The Whimbrel breeds in subartic and alpine tundra and taiga (the subarctic coniferous forests located south of the tundra in North America, northern Europe, and Asia) where it is found in dry heath uplands, dwarf shrub and mossy lowlands, not far from the tree line. It winters where it can forage in tidal flats, mangroves, exposed reefs, sandy or rocky beaches, estuaries, and especially mudflats. In spring, Whimbrels may congregate in farmlands in numbers of up to several hundred. They probe the mud or pick food from the surface. On mudflats they may feed singly or in small groups at low tide. At high tide they gather and roost in dense flocks and will often fly long distances between roosting and feeding areas. They often migrate with other shorebirds, and often act as a sentinel species. Very wary, Whimbrels are often the first to alert other birds to danger. Their alarm call is a harsh squawk. Few Whimbrels succumb to predators because of their vigilance. En route to their wintering grounds they stop at coastal and inland fields and beaches to forage, although some make a nonstop flight of 4,000 km (2,500 miles) from southern Canada or New England to South America. They generally feed alone or in small, widespread clusters. They move along and probe deeply as they feed. If the item is large it is torn into smaller pieces before ingesting it. If it is muddy it is often rinsed. Indigestible parts are excreted in fecal pellets. At most times of year, they defend some kind of territory. During their migration, they defend a feeding territory at each stop that is guarded against other Whimbrels. They roost and migrate in large flocks, preferring to roost on exposed shoals, tops of mangrove trees or in shallowly flooded clearings in mangroves that face the open sea. By November most have reached their coastal wintering grounds where foraging is good. Some of their wintering grounds are concentrated at key sites in South America, where they face threats from hunters, land developers, and pollution. This is also the case in the U.S. with the exception of hunting, which is banned. Juvenile birds may remain at their wintering sites for up to two years. From March through May adults journey northward to their breeding and nesting grounds. Breeding and reproduction is completed in approximately two months.

Predator(s):

Foxes Large raptors

Prey:

In breeding season: insects, snails, slugs, and later in the summer berries and even flowers, picked with the tip of the bill. During migration and winter: worms, grubs, crabs (especially Fiddler Crabs and it is interesting to note that the curve of the Whimbrel bill matches the curve of the crab burrow), shrimp, mollusks, worms, and other small aquatic organisms, by inserting its bill to various depths.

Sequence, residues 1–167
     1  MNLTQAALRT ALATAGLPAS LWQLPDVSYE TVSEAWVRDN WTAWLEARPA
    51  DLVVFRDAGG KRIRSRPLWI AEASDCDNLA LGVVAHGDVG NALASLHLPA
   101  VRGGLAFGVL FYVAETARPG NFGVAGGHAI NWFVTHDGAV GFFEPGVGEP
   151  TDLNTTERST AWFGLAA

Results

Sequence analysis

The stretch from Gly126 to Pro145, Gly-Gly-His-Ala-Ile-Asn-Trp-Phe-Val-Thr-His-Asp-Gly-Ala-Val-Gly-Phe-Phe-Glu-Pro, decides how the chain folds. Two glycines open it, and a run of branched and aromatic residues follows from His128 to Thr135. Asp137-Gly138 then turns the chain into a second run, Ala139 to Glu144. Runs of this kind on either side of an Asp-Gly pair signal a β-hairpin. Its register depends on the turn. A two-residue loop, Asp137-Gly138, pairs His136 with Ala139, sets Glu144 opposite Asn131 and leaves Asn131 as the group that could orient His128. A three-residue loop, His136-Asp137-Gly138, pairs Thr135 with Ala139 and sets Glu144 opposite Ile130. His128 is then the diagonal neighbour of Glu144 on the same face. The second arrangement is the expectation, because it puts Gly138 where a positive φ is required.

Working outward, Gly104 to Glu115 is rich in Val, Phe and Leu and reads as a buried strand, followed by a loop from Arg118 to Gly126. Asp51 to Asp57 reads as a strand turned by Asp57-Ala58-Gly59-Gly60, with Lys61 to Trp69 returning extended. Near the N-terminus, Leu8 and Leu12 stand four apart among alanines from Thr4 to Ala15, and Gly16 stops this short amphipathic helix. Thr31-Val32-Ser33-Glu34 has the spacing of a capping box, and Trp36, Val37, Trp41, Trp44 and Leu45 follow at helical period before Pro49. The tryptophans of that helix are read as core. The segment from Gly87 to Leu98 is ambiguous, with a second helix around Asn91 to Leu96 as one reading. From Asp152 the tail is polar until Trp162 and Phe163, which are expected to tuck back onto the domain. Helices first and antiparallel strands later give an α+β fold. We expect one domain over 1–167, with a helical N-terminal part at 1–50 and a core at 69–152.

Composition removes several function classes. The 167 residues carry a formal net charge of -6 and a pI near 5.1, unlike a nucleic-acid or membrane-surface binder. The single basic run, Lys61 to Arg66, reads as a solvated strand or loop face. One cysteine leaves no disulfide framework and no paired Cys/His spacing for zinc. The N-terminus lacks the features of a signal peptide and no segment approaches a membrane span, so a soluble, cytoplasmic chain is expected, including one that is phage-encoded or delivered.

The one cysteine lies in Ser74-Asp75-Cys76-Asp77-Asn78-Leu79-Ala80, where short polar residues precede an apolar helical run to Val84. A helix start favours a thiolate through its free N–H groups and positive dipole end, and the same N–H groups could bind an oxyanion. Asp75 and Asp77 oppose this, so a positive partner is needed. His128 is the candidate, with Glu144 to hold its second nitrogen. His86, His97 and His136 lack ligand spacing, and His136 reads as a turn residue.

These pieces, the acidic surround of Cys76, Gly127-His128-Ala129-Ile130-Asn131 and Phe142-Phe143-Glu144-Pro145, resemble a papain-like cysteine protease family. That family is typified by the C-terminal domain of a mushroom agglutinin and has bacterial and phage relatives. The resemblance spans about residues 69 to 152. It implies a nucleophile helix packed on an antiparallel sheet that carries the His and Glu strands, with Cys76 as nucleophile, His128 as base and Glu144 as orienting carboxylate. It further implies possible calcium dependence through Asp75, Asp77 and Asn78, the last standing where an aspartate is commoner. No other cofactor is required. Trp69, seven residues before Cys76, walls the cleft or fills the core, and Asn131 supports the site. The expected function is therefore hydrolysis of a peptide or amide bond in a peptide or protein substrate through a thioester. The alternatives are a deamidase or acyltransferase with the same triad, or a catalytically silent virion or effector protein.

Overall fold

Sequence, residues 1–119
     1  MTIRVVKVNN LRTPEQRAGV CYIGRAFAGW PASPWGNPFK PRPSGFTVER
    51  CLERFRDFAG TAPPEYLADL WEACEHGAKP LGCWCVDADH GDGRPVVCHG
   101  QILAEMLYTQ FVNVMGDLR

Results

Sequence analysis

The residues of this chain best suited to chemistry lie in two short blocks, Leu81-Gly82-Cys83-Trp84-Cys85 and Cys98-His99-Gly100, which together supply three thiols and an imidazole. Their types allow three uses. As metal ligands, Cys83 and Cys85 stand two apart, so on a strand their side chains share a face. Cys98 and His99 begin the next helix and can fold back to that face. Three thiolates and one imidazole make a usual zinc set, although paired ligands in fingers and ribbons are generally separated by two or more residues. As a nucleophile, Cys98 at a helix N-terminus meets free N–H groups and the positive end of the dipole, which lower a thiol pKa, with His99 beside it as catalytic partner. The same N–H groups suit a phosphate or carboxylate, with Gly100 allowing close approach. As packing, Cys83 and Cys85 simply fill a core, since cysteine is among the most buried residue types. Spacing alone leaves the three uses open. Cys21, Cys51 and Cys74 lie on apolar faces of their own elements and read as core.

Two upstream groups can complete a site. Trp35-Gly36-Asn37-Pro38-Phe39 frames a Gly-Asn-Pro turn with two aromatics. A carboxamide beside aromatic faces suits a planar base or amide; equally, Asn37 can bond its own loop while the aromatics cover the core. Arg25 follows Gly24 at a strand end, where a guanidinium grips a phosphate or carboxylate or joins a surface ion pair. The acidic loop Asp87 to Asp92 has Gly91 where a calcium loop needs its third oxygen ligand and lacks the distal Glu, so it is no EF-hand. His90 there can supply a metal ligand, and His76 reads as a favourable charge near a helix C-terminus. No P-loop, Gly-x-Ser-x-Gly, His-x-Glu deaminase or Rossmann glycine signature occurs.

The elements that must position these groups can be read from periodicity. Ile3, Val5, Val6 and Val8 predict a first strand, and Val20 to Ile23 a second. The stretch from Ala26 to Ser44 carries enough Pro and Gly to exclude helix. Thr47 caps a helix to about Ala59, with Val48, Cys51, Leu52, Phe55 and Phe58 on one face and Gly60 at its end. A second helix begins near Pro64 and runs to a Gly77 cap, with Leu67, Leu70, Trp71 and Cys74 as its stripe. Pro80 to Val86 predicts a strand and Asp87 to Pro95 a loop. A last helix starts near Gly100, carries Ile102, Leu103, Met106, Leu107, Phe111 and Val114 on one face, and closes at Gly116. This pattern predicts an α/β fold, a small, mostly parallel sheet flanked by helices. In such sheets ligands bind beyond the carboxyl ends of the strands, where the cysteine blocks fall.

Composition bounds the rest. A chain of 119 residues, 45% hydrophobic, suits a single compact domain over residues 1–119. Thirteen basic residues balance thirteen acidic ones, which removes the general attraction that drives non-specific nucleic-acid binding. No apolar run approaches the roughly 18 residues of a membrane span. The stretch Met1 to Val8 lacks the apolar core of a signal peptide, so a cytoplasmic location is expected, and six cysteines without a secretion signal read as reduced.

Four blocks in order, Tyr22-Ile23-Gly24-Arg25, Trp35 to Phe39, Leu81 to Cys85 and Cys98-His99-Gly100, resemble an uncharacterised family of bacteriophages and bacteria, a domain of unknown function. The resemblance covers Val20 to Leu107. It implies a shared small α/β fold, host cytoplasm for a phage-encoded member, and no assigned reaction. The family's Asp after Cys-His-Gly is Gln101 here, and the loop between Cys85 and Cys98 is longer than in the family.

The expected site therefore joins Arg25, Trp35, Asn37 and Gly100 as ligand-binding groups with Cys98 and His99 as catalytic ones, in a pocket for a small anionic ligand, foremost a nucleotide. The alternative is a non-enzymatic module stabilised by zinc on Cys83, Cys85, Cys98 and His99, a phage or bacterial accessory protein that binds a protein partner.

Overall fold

Feeding behavior

Carnivore

Feeding behavior notes:

The Whimbrel employs two different behaviors when feeding. On the breeding grounds it picks with the tip of its bill surface items like insects, slugs, snails; and in late summer, leaves, flowers and berries. During migration and on their wintering grounds a Whimbrel probes with its long bill in tidal flats, mangroves, estuarine marshes, exposed reefs, sandy or rocky beaches, estuaries, and especially mudflats. They generally feed alone or in small, spread out parties. It feeds on mudflats at the tideline with other wading birds and sandpipers. Whimbrels move as they feed, probing deeply, especially in fiddler crab (Family Ocypodidae) burrows. If the prey is muddy it is often rinsed. Large prey items are torn into smaller pieces before being eaten. Indigestible parts are excreted in fecal pellets.

March - May

Migration:

Whimbrels end their winter foraging along southern coasts and head inland and north to subarctic, alpine tundra and taiga (subarctic coniferous forests located south of the tundra) breeding grounds in both the Old and New Worlds. During migration it may be sighted across the entire continental U.S., using wetlands, dry, short grasslands, farmland (especially plowed fields), golf courses, parks, and rocky shores. It is often found with other shorebirds, and Whimbrels are the first to alert all of any danger they perceive, with loud squawks. The Whimbrel will roost in exposed sand banks, tops of mangrove trees, or in shallowly flooded clearings in mangroves that face the open sea. Inland they are seen around wetlands, grasslands, farms (especially plowed fields), golf courses and parks.

May - June

Reproduction:

Whimbrels breed around the world at high northern latitudes. On their subarctic breeding grounds male Whimbrels attract a female with repeated flight displays, starting low and circling high, then gliding down singing to attract a female. They are monogamous, nest in loose colonies, and are territorial of their nesting area. The female usually scrapes a nest near a small shrub or on a raised mound, and lines it with lichen, leaves, moss, or grass. She lays, on average, 4 eggs which are 58 mm/2.3 in. long, and olive-green to light brownish buff, blotched with olive/reddish brown. Both parents incubate the eggs for 24-28 days. The hatchlings are downy and precocial, leaving the nest to feed within 2 hours. Both parents tend and defend them. They will even attack humans that come too close.